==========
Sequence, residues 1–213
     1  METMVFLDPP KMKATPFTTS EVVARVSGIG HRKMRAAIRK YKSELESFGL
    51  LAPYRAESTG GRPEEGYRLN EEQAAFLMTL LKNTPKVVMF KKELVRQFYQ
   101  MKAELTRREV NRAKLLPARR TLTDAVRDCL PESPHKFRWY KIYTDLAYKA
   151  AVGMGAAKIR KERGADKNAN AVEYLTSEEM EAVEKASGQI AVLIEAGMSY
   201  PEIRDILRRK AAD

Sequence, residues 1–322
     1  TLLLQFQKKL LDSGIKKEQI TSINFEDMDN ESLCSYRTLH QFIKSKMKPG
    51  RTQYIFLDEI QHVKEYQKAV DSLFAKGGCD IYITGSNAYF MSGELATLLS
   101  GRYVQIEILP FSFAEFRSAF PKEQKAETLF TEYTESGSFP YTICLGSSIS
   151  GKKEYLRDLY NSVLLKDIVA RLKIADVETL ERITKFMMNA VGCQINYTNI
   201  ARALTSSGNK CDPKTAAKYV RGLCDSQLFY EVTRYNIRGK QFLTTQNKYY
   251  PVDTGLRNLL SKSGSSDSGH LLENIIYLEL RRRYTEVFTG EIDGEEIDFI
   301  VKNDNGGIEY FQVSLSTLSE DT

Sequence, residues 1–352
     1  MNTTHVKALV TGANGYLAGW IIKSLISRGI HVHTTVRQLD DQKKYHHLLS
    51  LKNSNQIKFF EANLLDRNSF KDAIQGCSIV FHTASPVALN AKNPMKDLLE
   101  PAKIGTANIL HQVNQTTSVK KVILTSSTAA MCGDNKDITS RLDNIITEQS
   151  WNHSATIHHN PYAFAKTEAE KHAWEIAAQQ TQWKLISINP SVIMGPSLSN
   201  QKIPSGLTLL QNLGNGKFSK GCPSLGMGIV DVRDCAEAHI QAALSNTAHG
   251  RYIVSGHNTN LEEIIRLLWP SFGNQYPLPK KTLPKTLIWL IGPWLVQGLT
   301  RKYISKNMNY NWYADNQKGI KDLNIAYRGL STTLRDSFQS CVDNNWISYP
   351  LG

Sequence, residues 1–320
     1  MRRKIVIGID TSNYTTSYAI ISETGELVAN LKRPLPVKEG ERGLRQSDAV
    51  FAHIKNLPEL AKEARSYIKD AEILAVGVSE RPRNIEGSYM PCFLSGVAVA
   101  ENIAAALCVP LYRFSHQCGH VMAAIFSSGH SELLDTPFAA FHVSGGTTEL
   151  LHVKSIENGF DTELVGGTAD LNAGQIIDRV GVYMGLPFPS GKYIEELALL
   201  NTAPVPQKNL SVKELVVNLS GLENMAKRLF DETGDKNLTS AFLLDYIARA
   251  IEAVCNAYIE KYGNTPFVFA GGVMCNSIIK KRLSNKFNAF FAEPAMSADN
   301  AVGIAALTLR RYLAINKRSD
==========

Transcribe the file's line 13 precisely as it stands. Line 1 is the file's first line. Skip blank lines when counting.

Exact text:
   251  PVDTGLRNLL SKSGSSDSGH LLENIIYLEL RRRYTEVFTG EIDGEEIDFI